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  • Sunday: Father's fight Family Court
  • 09/07/2006 Make a Comment
  • Contributed by: admin ( 61 articles in 2006 )
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Sunday: The F Word (15:15)

They are bitter, desperate, and they are demanding justice - angry fathers have been picketing the Family Court accusing it of an anti-male bias

The charges are all vigorously rejected by the court.

But, in Australia the men's movement has won reform and there are signs New Zealand may follow.

The Union Of Fathers are men united by grief and anger against a court they accuse of taking their children away from them.

The Family Court sees itself as balanced and reasonable, sorting itself through a thicket of emotionally charged disputes.

But that's not how Guy Blazina sees the court.

These days a video is about all Guy gets to see of his eight-year-old daughter Nadia. This year he has had only eight days with her and that was six months ago.

"She's a wonderful, wonderful child that I, I can't express it, you know. She's part of me. What can I say,"

For Guy the Family Court is the reason he can't see her.

"The whole attitude of the court was like these women were all together. It was a pack, it was a pack kill there they were just tearing you to pieces...not one of them would even consider that I had any rights or feelings or nothing," he says.

According to Guy access has been a battle since the day his ex-wife suddenly vanished to Australia with their daughter. He went to the police station when they disappeared.

"And I said to the Sergeant at the counter, I said 'look what are you people going to do about it? Sorry, we don't want to know, that's all I got, not interested."

Guy believes if it had been the other way around things would have been different. Despite his protest the court gave Nadia's mother permission to keep her in Sydney.

"In my view the courts are so biased, one sided and totally feminist, totally feminist."

For months at secret meetings the Union of Fathers have planned protest action against the courts and the homes of its judges and lawyers.

In May Principal Family Court judge Peter Boshier said the protests were irresponsible, undemocratic and aimed to intimidate judges.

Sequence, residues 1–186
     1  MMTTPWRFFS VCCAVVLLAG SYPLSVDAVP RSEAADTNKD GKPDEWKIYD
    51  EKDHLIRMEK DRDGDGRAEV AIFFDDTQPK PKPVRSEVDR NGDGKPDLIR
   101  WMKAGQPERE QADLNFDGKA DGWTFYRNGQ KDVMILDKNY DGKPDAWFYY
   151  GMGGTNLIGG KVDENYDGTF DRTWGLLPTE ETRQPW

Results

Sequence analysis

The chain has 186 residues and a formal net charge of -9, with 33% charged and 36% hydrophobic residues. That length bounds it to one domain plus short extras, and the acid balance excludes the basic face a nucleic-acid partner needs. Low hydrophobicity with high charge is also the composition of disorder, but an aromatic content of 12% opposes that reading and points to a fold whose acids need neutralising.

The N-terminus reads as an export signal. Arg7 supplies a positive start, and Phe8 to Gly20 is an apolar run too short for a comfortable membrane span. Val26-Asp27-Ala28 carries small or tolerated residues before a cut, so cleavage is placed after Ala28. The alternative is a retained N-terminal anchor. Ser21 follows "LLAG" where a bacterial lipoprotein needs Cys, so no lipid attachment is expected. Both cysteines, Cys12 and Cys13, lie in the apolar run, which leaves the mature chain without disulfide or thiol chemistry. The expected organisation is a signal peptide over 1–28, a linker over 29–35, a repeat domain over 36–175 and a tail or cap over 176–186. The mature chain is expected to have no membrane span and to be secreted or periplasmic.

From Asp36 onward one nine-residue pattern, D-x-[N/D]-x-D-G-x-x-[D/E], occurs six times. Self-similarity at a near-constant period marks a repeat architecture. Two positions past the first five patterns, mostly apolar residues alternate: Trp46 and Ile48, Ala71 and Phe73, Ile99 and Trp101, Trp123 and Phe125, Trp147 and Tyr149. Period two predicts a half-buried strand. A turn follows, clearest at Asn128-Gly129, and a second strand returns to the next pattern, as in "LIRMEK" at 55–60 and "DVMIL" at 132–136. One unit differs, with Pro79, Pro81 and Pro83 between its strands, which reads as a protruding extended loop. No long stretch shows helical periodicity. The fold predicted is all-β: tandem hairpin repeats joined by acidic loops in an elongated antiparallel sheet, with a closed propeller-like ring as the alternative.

But the campaigners say years of protests outside Family Courts have got them nowhere and they have no choice but to up the ante.

Family Court lawyer Judith Surgenor is one of those who has been targeted. She believes the father's group are embittered and misguided.

"I think that if they put the energy into saving their own families, or building relationships with their children, or looking at alternative ways of resolving the conflicts that have clearly occurred in their lives, then they'd be a lot better off than targeting people like me and others involved in the court system."

In her opinion the men need to accept the child's needs come first, meaning the judge will give primary care to the most suitable parent.

But, in Australia the father's protest movement has forced changes in the Australian Family Court, changes which are likely to be adopted in New Zealand.

Michael Green, QC, says the new model is all about sidelining the courts, keeping lawyers out of the equation, saving time, money and stress.

"The adversarial system that we've simply not appropriate, particularly in, in children's matters. It's not the way to go," says Green,

Instead the new way to go is mediation and more meaningful time for dads.

"Significant and substantial time - to be not only weekends - but also weekdays...ordinary working days. And it's in those areas, not just in fun's in those days, school days, working days, that real deep relationships are engendered and developed," says Green.

New Zealand is following the Australian lead trialling the mediation process, a trial that many father's are no doubt hoping becomes standard practice.

See the related video for the full Sunday story...

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